Families will decide if they need a live-in or live-out nanny depending on their specific needs. Here are some reasons why a live-in nanny may work best for you.


You have a lower budget to spend on a nanny


If you have a lower budget, a live-in nanny is a cheaper option. This is no reflection on the quality of the service or professionalism you will receive. Live-in nanny salaries are typically lower as you provide accommodation for your employee.

You need your nanny to start early and/or finish late


A live-in nanny may also work best for you if you need them to start work early (around 7 am, for example). This is because (while not impossible), it's hard for someone who commutes to your home to start their working day that early. Plus, if you also need your nanny to finish late, having a live-in nanny can be advantageous. As your nanny doesn't have to travel to get to and from work, the early start and late finish are less of a problem.


You need more flexibility or wrap-around care


If your children are at nursery or school, you might need the nanny to be available in the early morning and after school until early evening. Having someone living with you means she can have a break in the day. Live-out nannies, on the other hand, don't usually want to provide ‘wrap-around’ care with a break in the middle of the day.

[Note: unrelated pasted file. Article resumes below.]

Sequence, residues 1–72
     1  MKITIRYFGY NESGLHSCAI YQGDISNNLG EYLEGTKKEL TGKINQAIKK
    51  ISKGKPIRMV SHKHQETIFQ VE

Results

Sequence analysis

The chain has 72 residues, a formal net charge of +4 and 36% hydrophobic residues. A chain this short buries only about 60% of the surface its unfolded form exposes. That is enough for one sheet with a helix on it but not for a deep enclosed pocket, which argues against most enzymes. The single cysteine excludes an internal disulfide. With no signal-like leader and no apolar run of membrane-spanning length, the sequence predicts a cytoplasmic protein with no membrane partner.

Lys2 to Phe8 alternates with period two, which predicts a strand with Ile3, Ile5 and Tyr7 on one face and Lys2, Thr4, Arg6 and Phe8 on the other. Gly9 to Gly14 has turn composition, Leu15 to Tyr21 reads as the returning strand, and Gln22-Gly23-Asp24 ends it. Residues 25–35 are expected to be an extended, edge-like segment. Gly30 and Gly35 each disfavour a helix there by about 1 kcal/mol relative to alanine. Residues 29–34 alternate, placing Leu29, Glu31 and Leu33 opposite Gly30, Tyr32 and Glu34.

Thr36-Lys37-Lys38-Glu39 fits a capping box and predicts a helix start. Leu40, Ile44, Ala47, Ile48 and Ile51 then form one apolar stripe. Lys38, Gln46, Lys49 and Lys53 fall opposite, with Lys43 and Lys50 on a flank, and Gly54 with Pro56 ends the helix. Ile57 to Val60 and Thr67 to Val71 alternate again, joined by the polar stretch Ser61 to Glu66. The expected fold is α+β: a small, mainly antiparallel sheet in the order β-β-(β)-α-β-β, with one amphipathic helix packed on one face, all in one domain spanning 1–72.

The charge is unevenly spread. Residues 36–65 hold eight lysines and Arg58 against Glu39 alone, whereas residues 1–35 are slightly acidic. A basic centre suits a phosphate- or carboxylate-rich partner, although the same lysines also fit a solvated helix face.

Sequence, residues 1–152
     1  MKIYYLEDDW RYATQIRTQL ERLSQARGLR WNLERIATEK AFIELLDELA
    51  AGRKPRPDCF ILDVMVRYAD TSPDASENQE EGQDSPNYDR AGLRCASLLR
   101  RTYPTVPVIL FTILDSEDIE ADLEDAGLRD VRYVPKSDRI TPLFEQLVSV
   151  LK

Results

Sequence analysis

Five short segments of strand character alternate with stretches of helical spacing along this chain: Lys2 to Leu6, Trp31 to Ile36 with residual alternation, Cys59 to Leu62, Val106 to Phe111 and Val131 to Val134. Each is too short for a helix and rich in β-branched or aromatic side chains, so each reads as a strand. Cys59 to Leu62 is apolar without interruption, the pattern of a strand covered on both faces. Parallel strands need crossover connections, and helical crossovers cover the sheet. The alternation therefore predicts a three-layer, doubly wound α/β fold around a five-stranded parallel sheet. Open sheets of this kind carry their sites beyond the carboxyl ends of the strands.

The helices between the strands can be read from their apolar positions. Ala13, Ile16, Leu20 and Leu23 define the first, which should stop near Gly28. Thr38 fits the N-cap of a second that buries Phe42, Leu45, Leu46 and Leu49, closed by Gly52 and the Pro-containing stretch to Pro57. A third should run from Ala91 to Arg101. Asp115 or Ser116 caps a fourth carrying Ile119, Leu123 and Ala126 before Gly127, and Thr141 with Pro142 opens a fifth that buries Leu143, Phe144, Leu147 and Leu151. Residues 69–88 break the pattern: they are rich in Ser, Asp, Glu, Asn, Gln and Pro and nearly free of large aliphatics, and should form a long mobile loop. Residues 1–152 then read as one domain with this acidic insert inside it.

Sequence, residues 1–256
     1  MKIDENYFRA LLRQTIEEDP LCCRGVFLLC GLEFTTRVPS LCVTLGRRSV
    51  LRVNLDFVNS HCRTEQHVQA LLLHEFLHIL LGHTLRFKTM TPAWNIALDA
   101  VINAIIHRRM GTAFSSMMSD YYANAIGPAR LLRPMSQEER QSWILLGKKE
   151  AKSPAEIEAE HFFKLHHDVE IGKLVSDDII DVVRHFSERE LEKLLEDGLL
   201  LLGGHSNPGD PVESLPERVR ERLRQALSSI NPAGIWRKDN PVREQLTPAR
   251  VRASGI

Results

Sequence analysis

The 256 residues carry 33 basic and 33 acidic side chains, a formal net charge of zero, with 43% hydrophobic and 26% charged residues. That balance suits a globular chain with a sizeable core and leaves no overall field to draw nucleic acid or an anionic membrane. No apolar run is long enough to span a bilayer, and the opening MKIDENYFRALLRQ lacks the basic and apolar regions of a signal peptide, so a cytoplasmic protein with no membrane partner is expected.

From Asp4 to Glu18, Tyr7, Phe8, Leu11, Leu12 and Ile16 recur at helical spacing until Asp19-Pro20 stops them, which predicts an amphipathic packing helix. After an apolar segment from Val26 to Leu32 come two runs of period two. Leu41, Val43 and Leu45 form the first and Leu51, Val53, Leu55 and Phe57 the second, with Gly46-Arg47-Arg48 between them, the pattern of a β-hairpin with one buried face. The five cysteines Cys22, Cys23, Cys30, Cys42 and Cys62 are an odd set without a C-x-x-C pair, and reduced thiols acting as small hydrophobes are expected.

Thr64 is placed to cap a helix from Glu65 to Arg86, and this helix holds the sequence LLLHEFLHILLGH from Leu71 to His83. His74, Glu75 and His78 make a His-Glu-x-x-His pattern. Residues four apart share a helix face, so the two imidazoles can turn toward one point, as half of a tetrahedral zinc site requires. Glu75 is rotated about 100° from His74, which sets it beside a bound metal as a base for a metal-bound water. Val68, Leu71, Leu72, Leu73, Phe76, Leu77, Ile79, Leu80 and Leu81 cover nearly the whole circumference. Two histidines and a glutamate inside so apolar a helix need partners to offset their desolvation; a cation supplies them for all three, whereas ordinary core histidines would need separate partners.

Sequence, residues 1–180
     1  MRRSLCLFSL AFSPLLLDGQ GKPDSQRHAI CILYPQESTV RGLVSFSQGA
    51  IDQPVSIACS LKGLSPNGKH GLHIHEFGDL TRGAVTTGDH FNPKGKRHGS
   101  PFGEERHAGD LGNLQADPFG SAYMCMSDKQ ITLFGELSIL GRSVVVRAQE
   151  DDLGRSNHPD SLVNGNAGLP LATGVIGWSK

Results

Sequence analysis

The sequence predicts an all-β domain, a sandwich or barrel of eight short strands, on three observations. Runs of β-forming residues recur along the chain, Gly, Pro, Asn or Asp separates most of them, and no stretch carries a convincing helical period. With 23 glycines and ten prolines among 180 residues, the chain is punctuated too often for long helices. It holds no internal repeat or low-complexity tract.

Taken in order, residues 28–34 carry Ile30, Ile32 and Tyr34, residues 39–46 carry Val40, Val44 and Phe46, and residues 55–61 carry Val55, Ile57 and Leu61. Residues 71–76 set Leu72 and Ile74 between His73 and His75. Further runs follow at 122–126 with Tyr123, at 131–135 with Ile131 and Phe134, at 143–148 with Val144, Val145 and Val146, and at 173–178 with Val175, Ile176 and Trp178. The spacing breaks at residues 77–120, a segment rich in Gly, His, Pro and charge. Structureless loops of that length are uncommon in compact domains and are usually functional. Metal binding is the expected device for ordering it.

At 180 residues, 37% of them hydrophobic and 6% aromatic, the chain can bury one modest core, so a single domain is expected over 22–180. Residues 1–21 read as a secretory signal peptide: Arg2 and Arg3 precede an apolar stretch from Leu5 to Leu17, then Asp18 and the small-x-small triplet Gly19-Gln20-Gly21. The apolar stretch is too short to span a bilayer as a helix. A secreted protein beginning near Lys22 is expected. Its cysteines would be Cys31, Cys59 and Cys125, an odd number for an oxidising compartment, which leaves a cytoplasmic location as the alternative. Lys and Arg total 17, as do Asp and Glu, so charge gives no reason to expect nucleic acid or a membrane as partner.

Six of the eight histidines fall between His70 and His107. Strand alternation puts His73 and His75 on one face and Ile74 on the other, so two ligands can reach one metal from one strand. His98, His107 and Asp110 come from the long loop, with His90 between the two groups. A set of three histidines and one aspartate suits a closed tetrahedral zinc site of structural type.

Generally speaking, we find that a live-in nanny gives families more flexibility. However, you must be mindful of not taking advantage of the situation and remember that a live-in nanny still needs a break and time off work.


You want a rota nanny or a maternity nanny


Rota nannies


Rota nannies and maternity nannies are a type of live-in nanny. A rota nanny is a childcare provider who works on a rotating schedule (typically another nanny or multiple nannies) to provide around-the-clock care for the children. Rota nannies will work shifts usually ranging from one to two weeks at a time before being relieved by another caregiver. This type of childcare arrangement is often used by families with demanding work schedules or multiple children who need constant care and supervision. This also works well if you travel regularly with your nanny.

The calibre of rota nannies is very high as many nannies choose to work in this way when they're more experienced. Rota nannies work long hours, usually through the night, and are on call 24/7. The nanny needs to have the stamina and ability to work a 24/7 schedule. However, she will then be expected to take a week off to rest in between each rotation. You can find more information in the blog post Being a Rota Nanny: All You Need to Know.


Maternity nannies


A maternity nanny, also known as a postnatal nanny or maternity nurse, is a trained professional who provides support and care to new parents and their newborn babies in the first few weeks or months after birth. Maternity nannies are typically hired to help families adjust to life with a new baby, offering guidance on feeding, sleep routines, and general care of the baby.


They may also provide emotional support to the new mother and help with household tasks related to the baby's care. Maternity nannies often work on a live-in basis but can work on a live-out basis depending on the family's needs. If you want to find out more about these roles, you can find more detailed information in the following blog posts:



Nanny holding a baby boy both smiling

FAQs about working with a live-in nanny


Do I have to pay for my live-in nanny's food?